Slavery at Jefferson’s Monticello

Slavery at Jefferson’s Monticello

April 9 – January 4,2015

Thomas Jefferson helped create a new nation based on individual freedom and self-government—yet he remained a slaveholder throughout his life. This powerful, revealing, and deeply personal exhibition follows the stories of six slave families who lived and worked at Jefferson’s plantation—the Fossett, Granger, Gillette, Hemings, Hern, and Hubbard families—and their descendants who fought for justice and helped bring to light their ancestors’ lives and values. Slavery at Jefferson’s Monticello features more than 280 artifacts that represent each family’s trade as well as personal items of Jefferson’s including a walking stick, chess set, books, spectacles, and replica of the portable desk used to draft the Declaration of Independence. Explore the story of slavery in early U.S. history while discovering the struggle and the self-determination at the heart of America’s founding. Leave being inspired to discover your own family heritage and history.

Press Images

Thomas Jefferson by Rembrandt Peale, 1805/Collection of The New-York Historical Society

Thomas Jefferson by Rembrandt Peale, 1805/Collection of The New-York Historical Society

Isaac (Granger) Jefferson/Special Collections, University of Virginia Library

Isaac (Granger) Jefferson/Special Collections, University of Virginia Library

Slavery at Jefferson’s Monticello

Slavery at Jefferson’s Monticello

Image Courtesy National Constitution Center

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Foreground: Thomas Jefferson’s spectacles, made by John McAllister, Philadelphia, ca. 1806. Background: Jefferson’s Micrometer with case, brass, made by Alexis-Marie de Rochon, Paris, ca. 1780

Foreground: Thomas Jefferson’s spectacles, made by John McAllister, Philadelphia, ca. 1806. Background: Jefferson’s Micrometer with case, brass, made by Alexis-Marie de Rochon, Paris, ca. 1780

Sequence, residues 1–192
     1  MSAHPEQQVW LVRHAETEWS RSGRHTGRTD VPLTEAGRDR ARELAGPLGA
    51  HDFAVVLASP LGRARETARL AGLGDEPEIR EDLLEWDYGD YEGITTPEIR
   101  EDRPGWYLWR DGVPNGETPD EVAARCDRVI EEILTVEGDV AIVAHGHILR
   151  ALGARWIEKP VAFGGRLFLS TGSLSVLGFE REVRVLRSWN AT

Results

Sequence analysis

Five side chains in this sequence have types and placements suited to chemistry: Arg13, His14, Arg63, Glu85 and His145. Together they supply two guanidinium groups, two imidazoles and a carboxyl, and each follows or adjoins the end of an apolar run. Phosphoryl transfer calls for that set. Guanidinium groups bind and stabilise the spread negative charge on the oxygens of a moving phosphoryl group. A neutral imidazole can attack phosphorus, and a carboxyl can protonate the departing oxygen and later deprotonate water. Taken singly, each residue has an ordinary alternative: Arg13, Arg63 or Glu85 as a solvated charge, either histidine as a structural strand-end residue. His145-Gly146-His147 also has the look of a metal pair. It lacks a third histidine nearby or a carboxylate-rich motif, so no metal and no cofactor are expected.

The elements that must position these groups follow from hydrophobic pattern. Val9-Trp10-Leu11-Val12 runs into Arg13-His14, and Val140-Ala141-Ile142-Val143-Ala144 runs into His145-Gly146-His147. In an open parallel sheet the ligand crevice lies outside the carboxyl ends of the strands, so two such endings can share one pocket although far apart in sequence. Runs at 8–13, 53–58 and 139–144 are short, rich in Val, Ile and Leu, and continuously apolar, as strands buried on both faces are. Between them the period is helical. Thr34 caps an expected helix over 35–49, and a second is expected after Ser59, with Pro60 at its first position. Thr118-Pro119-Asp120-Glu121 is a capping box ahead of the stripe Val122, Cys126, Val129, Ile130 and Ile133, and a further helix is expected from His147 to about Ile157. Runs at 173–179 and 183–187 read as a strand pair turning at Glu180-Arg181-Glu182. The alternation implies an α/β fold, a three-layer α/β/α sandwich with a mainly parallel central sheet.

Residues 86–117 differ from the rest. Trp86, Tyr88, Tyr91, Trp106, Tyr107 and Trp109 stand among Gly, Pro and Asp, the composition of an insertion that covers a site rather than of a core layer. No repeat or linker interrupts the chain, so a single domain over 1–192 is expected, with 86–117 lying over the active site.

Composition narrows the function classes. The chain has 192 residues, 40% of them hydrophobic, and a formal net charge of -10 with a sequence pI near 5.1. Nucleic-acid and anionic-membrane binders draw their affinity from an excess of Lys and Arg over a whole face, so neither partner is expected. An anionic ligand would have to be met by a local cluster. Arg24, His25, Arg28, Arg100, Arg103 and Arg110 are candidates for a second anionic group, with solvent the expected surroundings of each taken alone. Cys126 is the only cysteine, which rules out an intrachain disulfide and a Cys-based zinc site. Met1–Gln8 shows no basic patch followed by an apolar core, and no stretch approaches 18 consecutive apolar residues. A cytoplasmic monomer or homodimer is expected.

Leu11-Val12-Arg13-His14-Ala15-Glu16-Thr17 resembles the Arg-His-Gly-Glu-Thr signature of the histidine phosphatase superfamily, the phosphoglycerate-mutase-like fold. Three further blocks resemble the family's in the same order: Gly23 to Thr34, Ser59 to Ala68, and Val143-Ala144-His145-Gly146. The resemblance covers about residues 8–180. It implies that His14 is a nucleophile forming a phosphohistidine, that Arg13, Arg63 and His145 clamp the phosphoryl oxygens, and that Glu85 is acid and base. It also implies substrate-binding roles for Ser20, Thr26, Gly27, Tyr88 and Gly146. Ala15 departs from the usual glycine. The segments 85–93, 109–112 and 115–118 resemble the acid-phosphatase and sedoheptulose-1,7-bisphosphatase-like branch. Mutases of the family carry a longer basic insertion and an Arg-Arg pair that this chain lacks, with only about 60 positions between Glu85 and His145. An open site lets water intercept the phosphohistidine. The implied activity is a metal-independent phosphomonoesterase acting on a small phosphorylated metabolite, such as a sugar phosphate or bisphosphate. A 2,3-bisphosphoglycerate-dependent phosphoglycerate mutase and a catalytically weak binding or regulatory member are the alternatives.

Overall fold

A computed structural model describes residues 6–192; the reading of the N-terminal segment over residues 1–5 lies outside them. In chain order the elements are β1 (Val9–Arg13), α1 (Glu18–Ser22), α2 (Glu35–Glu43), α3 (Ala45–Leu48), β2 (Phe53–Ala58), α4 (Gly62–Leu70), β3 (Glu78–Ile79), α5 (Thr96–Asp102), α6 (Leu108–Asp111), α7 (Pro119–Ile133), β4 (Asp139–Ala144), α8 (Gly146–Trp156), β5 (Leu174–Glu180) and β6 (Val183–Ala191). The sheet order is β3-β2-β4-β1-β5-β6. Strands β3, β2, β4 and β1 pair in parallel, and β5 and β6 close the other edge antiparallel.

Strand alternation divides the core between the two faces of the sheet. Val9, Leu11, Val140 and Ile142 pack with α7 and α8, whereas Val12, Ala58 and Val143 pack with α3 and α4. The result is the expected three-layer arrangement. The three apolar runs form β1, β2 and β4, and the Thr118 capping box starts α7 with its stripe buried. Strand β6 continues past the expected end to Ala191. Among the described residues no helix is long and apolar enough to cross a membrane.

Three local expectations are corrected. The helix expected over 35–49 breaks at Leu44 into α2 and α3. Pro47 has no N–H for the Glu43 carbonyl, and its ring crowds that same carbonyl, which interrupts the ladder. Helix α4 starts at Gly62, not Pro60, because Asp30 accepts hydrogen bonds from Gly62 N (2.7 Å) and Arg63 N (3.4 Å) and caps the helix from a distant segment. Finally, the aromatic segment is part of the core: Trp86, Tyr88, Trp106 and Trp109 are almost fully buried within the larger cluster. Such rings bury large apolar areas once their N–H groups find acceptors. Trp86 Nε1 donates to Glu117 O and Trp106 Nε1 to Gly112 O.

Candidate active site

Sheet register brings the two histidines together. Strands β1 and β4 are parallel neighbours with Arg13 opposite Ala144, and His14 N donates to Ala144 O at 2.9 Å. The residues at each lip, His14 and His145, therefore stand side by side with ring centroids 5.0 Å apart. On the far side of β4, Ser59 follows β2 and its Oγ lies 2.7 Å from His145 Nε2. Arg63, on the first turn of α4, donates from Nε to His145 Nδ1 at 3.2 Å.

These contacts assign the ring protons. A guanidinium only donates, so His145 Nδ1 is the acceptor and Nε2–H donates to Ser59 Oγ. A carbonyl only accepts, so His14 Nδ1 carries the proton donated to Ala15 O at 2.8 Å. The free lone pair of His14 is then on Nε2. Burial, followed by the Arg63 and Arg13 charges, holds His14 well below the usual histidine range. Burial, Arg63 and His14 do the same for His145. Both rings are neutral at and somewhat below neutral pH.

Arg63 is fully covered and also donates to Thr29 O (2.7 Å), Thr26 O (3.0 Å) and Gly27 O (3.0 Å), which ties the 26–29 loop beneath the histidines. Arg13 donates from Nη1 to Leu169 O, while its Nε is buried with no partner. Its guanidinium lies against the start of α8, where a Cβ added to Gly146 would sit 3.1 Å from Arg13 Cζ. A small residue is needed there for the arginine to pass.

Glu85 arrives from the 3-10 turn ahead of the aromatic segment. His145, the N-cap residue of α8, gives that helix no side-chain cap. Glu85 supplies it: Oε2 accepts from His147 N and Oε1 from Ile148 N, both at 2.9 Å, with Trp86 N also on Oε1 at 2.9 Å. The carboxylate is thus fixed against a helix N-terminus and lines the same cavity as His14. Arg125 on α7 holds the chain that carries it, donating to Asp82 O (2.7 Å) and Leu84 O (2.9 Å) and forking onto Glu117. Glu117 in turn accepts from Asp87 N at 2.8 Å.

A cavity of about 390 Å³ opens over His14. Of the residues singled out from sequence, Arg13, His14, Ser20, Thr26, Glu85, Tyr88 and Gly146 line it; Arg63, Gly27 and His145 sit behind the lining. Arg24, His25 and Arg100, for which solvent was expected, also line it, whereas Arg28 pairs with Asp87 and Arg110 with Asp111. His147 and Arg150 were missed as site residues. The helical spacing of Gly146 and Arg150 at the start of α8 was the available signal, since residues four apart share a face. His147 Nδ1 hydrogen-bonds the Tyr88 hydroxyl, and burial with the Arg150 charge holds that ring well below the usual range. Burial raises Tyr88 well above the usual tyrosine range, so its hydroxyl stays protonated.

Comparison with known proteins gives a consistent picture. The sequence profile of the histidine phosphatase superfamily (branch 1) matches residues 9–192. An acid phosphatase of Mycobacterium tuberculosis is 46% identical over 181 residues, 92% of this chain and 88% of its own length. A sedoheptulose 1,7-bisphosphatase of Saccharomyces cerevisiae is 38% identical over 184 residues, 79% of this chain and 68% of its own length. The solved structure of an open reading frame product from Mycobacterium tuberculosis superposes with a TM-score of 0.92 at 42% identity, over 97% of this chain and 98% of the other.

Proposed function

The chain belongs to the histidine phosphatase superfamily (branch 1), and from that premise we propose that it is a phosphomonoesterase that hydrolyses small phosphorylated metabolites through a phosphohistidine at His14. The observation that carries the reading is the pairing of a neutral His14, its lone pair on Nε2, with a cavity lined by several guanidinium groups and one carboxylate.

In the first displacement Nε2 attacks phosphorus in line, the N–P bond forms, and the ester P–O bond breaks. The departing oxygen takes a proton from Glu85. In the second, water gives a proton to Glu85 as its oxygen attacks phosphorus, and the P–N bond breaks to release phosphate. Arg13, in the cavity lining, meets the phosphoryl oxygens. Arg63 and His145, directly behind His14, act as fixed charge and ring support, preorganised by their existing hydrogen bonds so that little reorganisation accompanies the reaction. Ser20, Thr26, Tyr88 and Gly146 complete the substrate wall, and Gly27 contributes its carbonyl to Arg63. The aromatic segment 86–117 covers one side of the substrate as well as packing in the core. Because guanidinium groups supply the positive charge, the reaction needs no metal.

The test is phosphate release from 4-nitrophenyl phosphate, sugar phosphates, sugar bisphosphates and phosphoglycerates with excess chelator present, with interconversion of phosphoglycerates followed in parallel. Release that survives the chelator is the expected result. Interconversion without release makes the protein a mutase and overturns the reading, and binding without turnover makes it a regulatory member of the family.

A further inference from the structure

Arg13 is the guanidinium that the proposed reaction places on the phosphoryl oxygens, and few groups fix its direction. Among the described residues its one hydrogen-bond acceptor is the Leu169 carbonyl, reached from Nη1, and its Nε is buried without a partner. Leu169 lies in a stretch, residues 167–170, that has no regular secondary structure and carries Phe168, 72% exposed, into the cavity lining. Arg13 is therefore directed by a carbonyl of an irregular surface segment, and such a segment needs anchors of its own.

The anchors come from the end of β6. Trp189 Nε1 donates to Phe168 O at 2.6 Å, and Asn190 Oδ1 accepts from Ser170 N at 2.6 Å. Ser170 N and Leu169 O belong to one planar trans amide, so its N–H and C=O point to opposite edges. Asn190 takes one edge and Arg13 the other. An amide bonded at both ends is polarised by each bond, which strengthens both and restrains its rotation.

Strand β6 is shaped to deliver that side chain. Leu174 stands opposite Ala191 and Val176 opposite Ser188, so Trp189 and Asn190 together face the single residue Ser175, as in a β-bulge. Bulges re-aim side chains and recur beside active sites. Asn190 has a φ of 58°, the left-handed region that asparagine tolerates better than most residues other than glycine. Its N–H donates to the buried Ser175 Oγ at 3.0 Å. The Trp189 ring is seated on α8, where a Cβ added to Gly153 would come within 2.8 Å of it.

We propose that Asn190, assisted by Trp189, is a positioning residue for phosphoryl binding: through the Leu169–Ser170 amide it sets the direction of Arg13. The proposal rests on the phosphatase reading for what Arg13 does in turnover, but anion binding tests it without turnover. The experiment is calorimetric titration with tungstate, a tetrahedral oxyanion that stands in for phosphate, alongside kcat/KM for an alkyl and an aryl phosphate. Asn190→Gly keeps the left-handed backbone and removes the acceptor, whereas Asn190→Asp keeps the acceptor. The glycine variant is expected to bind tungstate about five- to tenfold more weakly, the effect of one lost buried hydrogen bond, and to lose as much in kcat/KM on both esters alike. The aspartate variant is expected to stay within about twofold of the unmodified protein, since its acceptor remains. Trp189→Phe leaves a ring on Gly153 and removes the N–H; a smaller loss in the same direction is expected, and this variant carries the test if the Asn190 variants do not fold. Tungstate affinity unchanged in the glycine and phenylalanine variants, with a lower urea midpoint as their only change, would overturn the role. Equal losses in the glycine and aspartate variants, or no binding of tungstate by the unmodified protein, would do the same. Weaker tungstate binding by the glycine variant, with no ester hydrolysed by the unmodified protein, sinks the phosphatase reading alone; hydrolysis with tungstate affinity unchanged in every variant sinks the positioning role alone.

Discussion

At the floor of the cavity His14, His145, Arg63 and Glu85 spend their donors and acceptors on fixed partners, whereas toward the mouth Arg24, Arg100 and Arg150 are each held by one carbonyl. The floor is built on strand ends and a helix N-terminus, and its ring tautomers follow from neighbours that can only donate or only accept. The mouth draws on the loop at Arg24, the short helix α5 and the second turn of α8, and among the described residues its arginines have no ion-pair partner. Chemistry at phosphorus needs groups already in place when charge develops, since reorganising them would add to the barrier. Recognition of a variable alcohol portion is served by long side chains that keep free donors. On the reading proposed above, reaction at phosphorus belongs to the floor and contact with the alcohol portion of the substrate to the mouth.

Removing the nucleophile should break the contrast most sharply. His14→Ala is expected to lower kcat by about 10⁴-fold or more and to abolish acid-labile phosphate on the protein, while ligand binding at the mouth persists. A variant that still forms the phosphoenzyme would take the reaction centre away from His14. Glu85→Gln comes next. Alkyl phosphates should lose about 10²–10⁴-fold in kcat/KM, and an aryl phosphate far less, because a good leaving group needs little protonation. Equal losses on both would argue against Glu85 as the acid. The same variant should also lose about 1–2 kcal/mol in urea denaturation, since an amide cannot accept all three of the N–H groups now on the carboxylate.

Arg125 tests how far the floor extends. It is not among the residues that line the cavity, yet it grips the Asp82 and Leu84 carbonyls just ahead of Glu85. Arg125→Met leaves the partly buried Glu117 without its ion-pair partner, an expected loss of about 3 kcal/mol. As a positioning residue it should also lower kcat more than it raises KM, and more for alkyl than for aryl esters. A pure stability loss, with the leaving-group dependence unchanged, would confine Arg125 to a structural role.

Image courtesy National Constitution Center

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Items from Monticello including chessmen, ivory, French, ca. 1770–90

Items from Monticello including chessmen, ivory, French, ca. 1770–90

Image courtesy National Constitution Center

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Replica of Thomas Jefferson’s portable desk, 1926 (After the original by Benjamin Randolph, Philadelphia, 1776)

Replica of Thomas Jefferson’s portable desk, 1926 (After the original by Benjamin Randolph, Philadelphia, 1776)

Image courtesy National Constitution Center

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Letter from Thomas Jefferson to Spencer Roane, signed, March 9, 1821

Letter from Thomas Jefferson to Spencer Roane, signed, March 9, 1821

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Granger Family items including: tobacco pipe fragments, horsehoes, and an English stoneware jar

Granger Family items including: tobacco pipe fragments, horsehoes, and an English stoneware jar

Image courtesy National Constitution Center

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Arm chair, probably made by John Hemmings, mahogany, ca. 1817, and headstone for Priscilla Hemmings (ca. 1776–1830), carved by John Hemmings

Arm chair, probably made by John Hemmings, mahogany, ca. 1817, and headstone for Priscilla Hemmings (ca. 1776–1830), carved by John Hemmings

Image courtesy National Constitution Center

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Slavery at Jefferson’s Monticello

Slavery at Jefferson’s Monticello

Image courtesy National Constitution Center

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Slavery at Jefferson’s Monticello

Slavery at Jefferson’s Monticello

Image courtesy National Constitution Center

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Map of Monticello circa 1812

Map of Monticello circa 1812

Image courtesy National Constitution Center

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This exhibition is presented by the Thomas Jefferson Foundation at Monticello in partnership with the National Museum of African American History and Culture. All objects in this exhibition are from the collection of the Thomas Jefferson Foundation at Monticello, unless otherwise noted.

Additional support for the National Constitution Center’s presentation of this exhibition was provided by a grant from the Pennsylvania Abolition Society.

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